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Joe Morris Quartet

Homestead Records


David S. Ware Quartet

Homestead Records

“Is [avant-garde] jazz dead as we know it? Well, that all depends on what you know.”—Lester Bowie

In speaking to jazz’s pre-’70s avant garde, A.B. Spellman once noted that “the New Music is no longer new, not as a phenomenon” and that the “number of musicians has likewise grown. They number a few hundred, and…[these] numbers swell with the birthrate.” Three decades later, concern for the continued well-being of jazz’s avant-garde is certainly warranted. For some years now, much of jazz’s swelling has been in the number of emerging musicians choosing to approximate more established musical styles, while fewer and fewer enlist on the journey into less conventional terrain.

In recent years, fame has favored convention. In the liner notes to the now-renowned trumpeter’s 1982 debut, Stanley Crouch dubbed Wynton Marsalis “one of the most remarkable young musicians to appear in jazz since the early 1960s.” The same year, Elektra released a recording titled Young Lions that showcased many of the new music’s burgeoning talents—flautist James Newton, trombonist Craig Harris, vibraphonist Jay Hoggard, and pianist Anthony Davis, to name a few. But while Marsalis has gone on to serve as the contemporary icon for the near-century-old art form, Newton, Davis, and many other like-minded musicians seemed to have blended quietly into the ranks of a subgenre whose formal beginnings, most would agree, are rooted in the early-’60s formation of Chicago’s AACM (Association for the Advancement of Creative Musicians).

Boston-raised guitarist Joe Morris is part of a current wave of post-AACM musicians attempting to shift the focus of the avant-garde away from its elder statesmen. It’d be something of a stretch to label the 40-year-old Morris with the pseudo-hip “young lion” tag. But in terms of recorded output, Morris’ tenure is quite consistent with Marsalis’—the musicians’ debuts were less than a year apart. And Morris’ self-penned liner notes to Flip and Spike, his 1992 trio release, provide a counterbalance to more Wyntonesque platitudes: “Although there is an obvious need for interpretive performances of older material and styles, that doesn’t mean that the new creative work is incorrect…re-thinking strong ideas is the way most art progresses.”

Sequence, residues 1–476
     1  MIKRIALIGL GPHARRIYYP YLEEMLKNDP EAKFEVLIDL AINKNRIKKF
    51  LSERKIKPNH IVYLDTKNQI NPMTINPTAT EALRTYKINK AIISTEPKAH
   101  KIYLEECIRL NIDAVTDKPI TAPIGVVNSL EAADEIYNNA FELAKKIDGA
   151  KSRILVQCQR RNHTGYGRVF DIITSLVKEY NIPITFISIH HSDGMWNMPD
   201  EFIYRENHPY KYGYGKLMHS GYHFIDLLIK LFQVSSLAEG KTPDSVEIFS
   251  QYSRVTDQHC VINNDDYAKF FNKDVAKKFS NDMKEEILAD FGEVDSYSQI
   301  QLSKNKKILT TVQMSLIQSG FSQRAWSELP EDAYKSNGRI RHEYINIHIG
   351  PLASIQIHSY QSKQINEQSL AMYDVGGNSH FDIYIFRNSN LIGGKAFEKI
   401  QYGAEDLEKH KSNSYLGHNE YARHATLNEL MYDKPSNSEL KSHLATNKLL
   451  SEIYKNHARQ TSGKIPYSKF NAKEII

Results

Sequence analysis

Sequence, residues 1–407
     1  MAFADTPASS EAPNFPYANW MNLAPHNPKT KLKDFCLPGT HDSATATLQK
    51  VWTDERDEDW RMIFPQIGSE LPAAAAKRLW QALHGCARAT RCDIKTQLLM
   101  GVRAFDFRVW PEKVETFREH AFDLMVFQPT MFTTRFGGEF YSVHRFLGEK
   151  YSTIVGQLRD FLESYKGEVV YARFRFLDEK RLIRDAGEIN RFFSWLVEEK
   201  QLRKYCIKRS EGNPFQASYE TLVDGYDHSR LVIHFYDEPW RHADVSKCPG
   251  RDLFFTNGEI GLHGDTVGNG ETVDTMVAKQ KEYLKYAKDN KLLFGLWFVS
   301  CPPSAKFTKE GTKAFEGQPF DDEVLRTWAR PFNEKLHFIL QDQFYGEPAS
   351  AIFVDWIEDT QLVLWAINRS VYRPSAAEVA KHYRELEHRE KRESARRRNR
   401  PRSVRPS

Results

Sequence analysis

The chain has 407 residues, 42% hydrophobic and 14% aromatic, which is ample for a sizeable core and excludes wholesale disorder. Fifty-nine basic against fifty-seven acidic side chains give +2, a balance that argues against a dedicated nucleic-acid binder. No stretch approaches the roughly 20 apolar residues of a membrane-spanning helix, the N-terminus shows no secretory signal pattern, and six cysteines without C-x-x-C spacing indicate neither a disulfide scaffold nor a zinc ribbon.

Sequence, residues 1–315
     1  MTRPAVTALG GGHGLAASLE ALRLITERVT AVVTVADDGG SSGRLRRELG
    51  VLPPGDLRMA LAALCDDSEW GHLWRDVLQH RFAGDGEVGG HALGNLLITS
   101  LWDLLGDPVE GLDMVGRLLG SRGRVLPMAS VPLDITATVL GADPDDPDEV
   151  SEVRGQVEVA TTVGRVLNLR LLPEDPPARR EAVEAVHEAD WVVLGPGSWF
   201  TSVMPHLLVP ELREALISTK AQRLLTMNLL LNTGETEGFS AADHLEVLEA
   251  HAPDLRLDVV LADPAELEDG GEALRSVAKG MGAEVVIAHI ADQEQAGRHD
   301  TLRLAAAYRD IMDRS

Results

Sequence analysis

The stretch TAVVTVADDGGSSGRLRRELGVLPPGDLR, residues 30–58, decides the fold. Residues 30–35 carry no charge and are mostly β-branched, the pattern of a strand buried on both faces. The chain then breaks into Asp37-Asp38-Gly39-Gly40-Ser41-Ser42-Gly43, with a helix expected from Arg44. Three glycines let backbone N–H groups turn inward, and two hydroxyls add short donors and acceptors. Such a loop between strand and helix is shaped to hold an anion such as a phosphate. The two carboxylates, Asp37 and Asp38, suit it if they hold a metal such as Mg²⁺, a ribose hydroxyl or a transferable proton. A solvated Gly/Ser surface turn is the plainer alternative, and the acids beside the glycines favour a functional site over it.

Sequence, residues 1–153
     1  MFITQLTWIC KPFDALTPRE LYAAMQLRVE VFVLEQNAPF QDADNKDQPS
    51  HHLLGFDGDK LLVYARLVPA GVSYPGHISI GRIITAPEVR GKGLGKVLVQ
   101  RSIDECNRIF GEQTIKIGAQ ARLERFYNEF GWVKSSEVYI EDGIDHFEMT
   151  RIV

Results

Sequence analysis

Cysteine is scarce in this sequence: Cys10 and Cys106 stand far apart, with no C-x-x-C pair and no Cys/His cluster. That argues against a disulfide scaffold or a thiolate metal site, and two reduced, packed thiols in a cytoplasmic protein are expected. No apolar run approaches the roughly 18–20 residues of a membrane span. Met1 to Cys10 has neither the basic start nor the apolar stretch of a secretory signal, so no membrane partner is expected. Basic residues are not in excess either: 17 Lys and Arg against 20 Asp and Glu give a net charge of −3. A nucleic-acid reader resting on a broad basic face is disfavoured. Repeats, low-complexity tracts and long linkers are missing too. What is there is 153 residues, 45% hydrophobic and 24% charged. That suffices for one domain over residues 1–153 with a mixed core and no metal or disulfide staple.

In a similar way, Morris’s Elsewhere forgoes well-worn models—no random-energy music or familiar head-solo-head regurgitations—opting instead for more organic fusings of theme, melody, and extemporization. Unlike more conventional jazz ensembles, the Morris group emphasizes the relationship between notes, not particular lines or chord sequences. Focusing more on intervals than harmonics enables a more elastic dialogue. This interplay is certainly aided by the fact that Morris’ fellow musicians on the date—pianist Matthew Shipp, bassist William Parker, and drummer Whit Dickey—since ’92 have functioned as the rhythm section for fellow avant-gardist and saxophonist Davis S. Ware.

Their telepathic support is clearly evident on the opening “Plexus” and near-closing “Mind’s Eye,” the recording’s fastest-paced selections. On both, the musicians seem to enter in bombastic unison, though further listening reveals that each player’s relationship to the pieces’ quick pacing is slightly different. On “Plexus,” Morris begins by repeating a cascading six-note phrase, then proceeds to gradually insert fractured notes that further expound on his opening statement. At a moment’s notice, clipped chords metamorphose into longer, more deliberate blueslike phrases; rounded notes swiftly splinter into shimmering clusters of sound. Unlike many current guitarists, Morris is able to alter his sounds without the benefit of pedal effects. His more natural approach involves serrating the edges of his guitar pick so it produces bowlike vibrations. Overtone changes occur via adjustments in the pressure he applies to the strings.